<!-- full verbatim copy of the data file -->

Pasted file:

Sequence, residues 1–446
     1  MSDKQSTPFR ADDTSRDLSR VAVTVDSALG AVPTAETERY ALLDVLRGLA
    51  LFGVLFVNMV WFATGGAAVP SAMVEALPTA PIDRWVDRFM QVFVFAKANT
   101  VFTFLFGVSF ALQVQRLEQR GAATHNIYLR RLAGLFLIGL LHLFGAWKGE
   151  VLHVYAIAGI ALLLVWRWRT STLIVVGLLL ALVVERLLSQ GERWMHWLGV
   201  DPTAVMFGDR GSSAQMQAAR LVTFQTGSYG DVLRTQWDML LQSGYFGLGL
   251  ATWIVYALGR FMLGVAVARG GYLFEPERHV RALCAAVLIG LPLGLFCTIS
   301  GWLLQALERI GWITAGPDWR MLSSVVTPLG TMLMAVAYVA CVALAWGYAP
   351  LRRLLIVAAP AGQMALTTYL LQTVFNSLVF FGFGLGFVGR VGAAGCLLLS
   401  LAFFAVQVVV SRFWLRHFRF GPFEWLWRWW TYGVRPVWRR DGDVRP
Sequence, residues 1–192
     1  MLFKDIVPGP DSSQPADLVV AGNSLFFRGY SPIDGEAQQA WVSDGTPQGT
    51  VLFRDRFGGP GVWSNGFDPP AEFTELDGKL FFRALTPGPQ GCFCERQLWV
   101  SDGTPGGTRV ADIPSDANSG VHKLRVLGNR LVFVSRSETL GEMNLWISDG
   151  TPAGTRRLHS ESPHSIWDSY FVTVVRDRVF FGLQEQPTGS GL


Sequence, residues 1–446
     1  MSDKQSTPFR ADDTSRDLSR VAVTVDSALG AVPTAETERY ALLDVLRGLA
    51  LFGVLFVNMV WFATGGAAVP SAMVEALPTA PIDRWVDRFM QVFVFAKANT
   101  VFTFLFGVSF ALQVQRLEQR GAATHNIYLR RLAGLFLIGL LHLFGAWKGE
   151  VLHVYAIAGI ALLLVWRWRT STLIVVGLLL ALVVERLLSQ GERWMHWLGV
   201  DPTAVMFGDR GSSAQMQAAR LVTFQTGSYG DVLRTQWDML LQSGYFGLGL
   251  ATWIVYALGR FMLGVAVARG GYLFEPERHV RALCAAVLIG LPLGLFCTIS
   301  GWLLQALERI GWITAGPDWR MLSSVVTPLG TMLMAVAYVA CVALAWGYAP
   351  LRRLLIVAAP AGQMALTTYL LQTVFNSLVF FGFGLGFVGR VGAAGCLLLS
   401  LAFFAVQVVV SRFWLRHFRF GPFEWLWRWW TYGVRPVWRR DGDVRP
Sequence, residues 1–192
     1  MLFKDIVPGP DSSQPADLVV AGNSLFFRGY SPIDGEAQQA WVSDGTPQGT
    51  VLFRDRFGGP GVWSNGFDPP AEFTELDGKL FFRALTPGPQ GCFCERQLWV
   101  SDGTPGGTRV ADIPSDANSG VHKLRVLGNR LVFVSRSETL GEMNLWISDG
   151  TPAGTRRLHS ESPHSIWDSY FVTVVRDRVF FGLQEQPTGS GL